20-metre hedge stolen from outside town hall in southwest France
The hedge, planted by volunteers, disappeared overnight. Local officials have contacted police
The mayor said the hedge was made up of 20 plants and looked 'magnificent' Pic: Pixavril / Shutterstock
A 20-metre long hedge has been dug up and stolen during the night in a commune in southwest France.
The hedge was planted outside the mairie in Séniergues, Lot, last autumn, and had grown to be one metre high.
Made up of around 20 plants and planted by volunteers, it disappeared overnight from June 23-24.
Mayor Michel Thébaud said: “It is very sad to see all that work, all that investment destroyed in a few minutes.”
He said the flowering shrubs “had grown very well, and started to look magnificent”.
The mairie has filed a complaint with the local gendarmerie, which has launched an appeal for witnesses.
Mr Thébaud said: “We hope that these criminals are arrested to stop this happening again. We don’t have a lot of clues, the neighbours didn’t hear anything.”
But the mayor is hopeful that witnesses will provide extra information. “We would like to know if anyone has recently noticed that a hedge has been planted, or is being sold online. That would be a start.”
Anyone with information is invited to call the mairie on 05 65 31 10 82.
This is not the first time plants have been stolen in the 300-person commune – two other plants were stolen last spring.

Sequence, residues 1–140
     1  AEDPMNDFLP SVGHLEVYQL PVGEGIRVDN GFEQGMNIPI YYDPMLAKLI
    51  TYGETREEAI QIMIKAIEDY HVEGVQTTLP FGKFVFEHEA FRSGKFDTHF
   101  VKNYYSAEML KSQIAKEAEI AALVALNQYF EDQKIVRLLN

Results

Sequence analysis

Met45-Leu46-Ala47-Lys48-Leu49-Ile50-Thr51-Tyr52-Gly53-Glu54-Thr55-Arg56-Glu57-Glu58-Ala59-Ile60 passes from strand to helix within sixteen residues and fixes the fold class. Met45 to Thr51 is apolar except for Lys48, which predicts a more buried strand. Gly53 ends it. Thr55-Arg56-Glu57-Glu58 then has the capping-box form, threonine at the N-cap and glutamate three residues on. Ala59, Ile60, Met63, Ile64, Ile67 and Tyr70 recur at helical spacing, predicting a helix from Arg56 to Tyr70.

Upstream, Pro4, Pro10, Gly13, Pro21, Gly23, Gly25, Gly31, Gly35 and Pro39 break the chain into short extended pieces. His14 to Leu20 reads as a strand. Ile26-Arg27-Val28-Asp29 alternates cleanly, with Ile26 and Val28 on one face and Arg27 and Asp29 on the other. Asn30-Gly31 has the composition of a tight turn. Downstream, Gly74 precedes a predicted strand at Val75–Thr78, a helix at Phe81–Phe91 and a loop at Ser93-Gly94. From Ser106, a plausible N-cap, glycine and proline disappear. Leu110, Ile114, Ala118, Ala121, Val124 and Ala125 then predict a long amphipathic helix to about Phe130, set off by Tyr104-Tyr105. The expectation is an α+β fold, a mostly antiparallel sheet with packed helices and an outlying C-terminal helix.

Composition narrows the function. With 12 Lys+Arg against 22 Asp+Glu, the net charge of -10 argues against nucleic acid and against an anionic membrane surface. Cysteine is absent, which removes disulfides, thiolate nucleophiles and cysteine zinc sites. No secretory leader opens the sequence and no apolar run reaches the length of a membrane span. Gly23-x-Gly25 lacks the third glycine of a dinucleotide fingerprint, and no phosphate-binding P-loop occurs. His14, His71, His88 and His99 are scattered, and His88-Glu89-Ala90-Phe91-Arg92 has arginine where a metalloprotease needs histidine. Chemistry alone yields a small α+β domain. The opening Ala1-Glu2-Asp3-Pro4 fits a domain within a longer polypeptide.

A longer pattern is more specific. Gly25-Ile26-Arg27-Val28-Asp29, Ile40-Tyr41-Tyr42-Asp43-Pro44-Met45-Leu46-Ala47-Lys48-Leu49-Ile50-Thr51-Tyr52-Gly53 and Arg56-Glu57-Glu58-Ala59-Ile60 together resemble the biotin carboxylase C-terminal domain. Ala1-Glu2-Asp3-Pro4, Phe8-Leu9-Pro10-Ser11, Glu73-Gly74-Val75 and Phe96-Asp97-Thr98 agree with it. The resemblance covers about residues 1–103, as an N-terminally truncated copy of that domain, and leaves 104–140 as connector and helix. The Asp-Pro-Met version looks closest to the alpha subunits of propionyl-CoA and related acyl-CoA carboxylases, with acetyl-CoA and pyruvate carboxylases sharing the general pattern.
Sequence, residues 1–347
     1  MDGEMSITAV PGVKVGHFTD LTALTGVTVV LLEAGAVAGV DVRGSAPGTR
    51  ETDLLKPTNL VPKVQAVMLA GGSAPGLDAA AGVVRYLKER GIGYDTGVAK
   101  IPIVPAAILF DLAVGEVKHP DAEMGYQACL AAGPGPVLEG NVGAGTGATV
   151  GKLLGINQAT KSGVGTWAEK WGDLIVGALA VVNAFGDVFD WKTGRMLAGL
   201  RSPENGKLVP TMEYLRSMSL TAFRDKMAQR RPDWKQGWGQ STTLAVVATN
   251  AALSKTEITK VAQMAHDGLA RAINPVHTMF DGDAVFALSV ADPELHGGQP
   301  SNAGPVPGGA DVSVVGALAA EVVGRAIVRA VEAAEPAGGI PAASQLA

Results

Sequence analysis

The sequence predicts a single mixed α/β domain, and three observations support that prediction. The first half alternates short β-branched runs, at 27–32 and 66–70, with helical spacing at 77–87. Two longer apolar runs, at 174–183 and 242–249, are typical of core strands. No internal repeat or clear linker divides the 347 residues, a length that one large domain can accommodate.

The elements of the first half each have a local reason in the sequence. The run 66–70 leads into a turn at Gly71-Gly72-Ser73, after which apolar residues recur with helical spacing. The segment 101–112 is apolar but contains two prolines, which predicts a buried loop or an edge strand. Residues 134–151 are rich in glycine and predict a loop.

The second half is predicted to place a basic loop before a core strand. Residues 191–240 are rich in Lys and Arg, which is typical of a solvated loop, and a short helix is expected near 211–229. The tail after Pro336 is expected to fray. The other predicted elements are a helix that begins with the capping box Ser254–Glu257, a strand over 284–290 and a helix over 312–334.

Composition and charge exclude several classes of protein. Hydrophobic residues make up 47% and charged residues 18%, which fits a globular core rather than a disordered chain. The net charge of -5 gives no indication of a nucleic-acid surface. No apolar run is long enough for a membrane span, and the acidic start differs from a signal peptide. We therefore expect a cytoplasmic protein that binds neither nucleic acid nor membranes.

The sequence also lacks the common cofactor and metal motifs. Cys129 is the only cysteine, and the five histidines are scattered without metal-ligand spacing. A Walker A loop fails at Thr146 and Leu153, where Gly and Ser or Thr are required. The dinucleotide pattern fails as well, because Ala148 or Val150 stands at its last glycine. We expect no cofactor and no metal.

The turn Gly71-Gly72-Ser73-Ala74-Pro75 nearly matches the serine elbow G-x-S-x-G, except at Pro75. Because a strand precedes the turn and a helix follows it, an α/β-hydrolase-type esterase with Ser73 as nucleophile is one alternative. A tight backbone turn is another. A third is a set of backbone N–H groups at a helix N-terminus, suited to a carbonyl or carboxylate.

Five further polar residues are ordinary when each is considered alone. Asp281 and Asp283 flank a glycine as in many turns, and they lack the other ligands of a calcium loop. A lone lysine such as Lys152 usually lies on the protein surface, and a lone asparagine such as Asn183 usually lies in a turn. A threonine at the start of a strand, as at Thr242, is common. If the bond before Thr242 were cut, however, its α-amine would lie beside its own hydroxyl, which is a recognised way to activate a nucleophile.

And elsewhere in France even larger flora has been targeted by thieves.
In Ariège, Occitanie, nearly 300 trees were stolen from privately-owned woodland near the village of Perles-et-Castelet in March 2021.
The thefts happened over a few weeks and targeted 30-metre-high trees, some of which were 100 years old.
A Spanish sawmill was suspected of being behind the crime.
And in May 2021, thousands of young vinestocks (the main stems of grape vines) were stolen from vineyards near Colmar, Grand Est.
One grower had 500 plants stolen, shocking others in the profession.
A local winemaker handed himself over to police to confess to the crime, saying he had replanted the vines on his own land.
Truffle farmers in France have also reported thefts of trees in the past, causing similar anguish.
Truffles grow at the base of trees, forming a relationship with root systems. However, they are never guaranteed to grow and will normally only appear in optimal conditions.
After a tree has been dug up, it is no longer likely to produce truffles.